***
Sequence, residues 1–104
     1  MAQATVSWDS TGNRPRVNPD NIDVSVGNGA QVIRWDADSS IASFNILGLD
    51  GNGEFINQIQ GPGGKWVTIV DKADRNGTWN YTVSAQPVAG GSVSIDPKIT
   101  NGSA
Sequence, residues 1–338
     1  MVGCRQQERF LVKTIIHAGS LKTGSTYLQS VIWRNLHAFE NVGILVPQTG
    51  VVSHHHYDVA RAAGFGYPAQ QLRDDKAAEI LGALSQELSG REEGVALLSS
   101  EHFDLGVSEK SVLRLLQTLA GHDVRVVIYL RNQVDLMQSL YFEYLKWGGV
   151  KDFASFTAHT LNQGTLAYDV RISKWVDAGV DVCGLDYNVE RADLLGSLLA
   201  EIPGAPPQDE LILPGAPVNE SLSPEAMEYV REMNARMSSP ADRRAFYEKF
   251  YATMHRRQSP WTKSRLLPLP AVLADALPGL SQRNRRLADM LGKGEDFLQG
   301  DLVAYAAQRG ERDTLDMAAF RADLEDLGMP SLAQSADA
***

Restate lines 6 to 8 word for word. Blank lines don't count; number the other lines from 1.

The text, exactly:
     1  MVGCRQQERF LVKTIIHAGS LKTGSTYLQS VIWRNLHAFE NVGILVPQTG
    51  VVSHHHYDVA RAAGFGYPAQ QLRDDKAAEI LGALSQELSG REEGVALLSS
   101  EHFDLGVSEK SVLRLLQTLA GHDVRVVIYL RNQVDLMQSL YFEYLKWGGV